Befitting its title, The Good Lie practiced a bit of well-meaning subterfuge with its marketing materials, selling this fact-based drama about the American lives of Sudanese refugees once known as “lost boys” by putting Witherspoon’s face front and center on the poster. But if her character — a Kansas City settlement worker given the life-altering task of helping her charges adjust to their new environment — isn’t truly central to the story, her performance remains a solid anchor in a film whose ingredients run the gamut from Hollywood gloss to real-life horror. “This is very much a mainstream movie meant to shine a light on the plight of people who were ignored for too long,” wrote the Arizona Republic’s Bill Goodykoontz. “For that reason alone, it’s well worth seeing.”
For her first film, Witherspoon found herself in good company, including director Robert Mulligan (concluding a career that included To Kill a Mockingbird and Summer of ’42) and co-stars Sam Waterston and Tess Harper. But in this sweet coming-of-age drama, it’s Witherspoon’s character that largely drives the story, and she carried the film with an assured performance that belied her youth and lack of experience. Man in the Moon “gets an outstandingly natural performance out of Miss Witherspoon, who has no trouble carrying a lot of the film single-handedly,” wrote Janet Maslin for the New York Times. “It falls to her to remind the audience that this story is at heart about a family, and she does.”
The sort of physically and dramatically demanding role that an actor can spend an entire career waiting to score, Wild gave Witherspoon the opportunity to shoulder an entire film pretty much on her own — and she more than delivered, bringing Cheryl Strayed’s unflinching memoir to the screen with a suitably fierce drama (directed by Jean-Marc Vallée from a screenplay by Nick Hornby) that takes viewers on a harrowing hike along the Pacific Crest Trail while reliving key moments from its protagonist’s bumpy past. At the forefront of it all are solid performances from Witherspoon and Laura Dern, both of whom picked up Oscar nominations for their efforts. As Mick LaSalle wrote for the San Francisco Chronicle, “This pensive, reflective, complicated Witherspoon feels more real than the one she left behind — and more in keeping with how she started, in hard-hitting independent movies 20 years ago.”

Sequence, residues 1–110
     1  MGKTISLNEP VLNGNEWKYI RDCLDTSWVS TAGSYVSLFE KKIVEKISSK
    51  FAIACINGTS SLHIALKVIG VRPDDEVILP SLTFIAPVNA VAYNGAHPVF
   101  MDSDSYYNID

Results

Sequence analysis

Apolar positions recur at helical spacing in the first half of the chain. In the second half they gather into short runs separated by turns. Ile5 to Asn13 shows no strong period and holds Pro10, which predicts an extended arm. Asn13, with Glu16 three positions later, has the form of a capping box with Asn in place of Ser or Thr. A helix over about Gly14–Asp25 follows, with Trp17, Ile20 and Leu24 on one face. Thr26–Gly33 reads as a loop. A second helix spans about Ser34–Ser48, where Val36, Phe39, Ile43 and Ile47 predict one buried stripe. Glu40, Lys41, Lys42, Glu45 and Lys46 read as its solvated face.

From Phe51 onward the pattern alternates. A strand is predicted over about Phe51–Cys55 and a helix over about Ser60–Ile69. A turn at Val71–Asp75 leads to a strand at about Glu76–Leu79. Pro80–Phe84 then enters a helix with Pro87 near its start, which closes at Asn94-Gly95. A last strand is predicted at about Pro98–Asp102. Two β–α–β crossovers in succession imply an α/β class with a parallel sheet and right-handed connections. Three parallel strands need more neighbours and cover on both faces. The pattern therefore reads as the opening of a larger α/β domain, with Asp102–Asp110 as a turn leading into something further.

It takes a special type of young actress to embody a character who is both seductive enough to destroy one high school teacher’s career and irritating enough to turn another teacher into an election-fixing madman — and that’s exactly what Witherspoon did as Election‘s Tracy Flick, the overachieving senior whose steamrolling campaign for student body president inspires one of her teachers (Matthew Broderick) to take desperate measures to keep her out of office. Critics expected great things from writer/director Alexander Payne after 1996’s Citizen Ruth, and Election delivered — and it also helped cement Witherspoon’s burgeoning reputation, thanks to reviews from critics like CNN’s Paul Clinton, who wrote, “Reese Witherspoon is proving to be one of the most versatile actresses of her generation.”
Just when it seemed like she might be forever doomed to a lifetime of romantic comedies like Four Christmases and This Means War, Witherspoon turned up next to her fellow rom-com refugee Matthew McConaughey in 2013’s Mud — and although he received much of the movie’s accolades for one of the roles that helped spark his so-called “McConaissance,” there really are no false notes or out-of-place performances in writer-director Jeff Nichols’ tale of a mysterious man who claims to be on the run from bounty hunters and desperate to flee with the love of his life. Calling it “More than a mere tribute to Twain and Dickens,” the Vine’s Alice Tynan wrote, “This has all the makings of a modern classic.”